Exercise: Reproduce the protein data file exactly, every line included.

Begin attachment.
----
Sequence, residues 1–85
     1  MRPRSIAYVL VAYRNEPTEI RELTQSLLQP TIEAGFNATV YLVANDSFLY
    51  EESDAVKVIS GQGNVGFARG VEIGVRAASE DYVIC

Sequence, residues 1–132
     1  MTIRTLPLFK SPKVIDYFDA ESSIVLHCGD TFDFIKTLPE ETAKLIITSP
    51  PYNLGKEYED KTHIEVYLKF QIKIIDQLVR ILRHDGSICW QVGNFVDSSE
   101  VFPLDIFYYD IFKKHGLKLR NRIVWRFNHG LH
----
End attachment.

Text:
Sequence, residues 1–85
     1  MRPRSIAYVL VAYRNEPTEI RELTQSLLQP TIEAGFNATV YLVANDSFLY
    51  EESDAVKVIS GQGNVGFARG VEIGVRAASE DYVIC

Sequence, residues 1–132
     1  MTIRTLPLFK SPKVIDYFDA ESSIVLHCGD TFDFIKTLPE ETAKLIITSP
    51  PYNLGKEYED KTHIEVYLKF QIKIIDQLVR ILRHDGSICW QVGNFVDSSE
   101  VFPLDIFYYD IFKKHGLKLR NRIVWRFNHG LH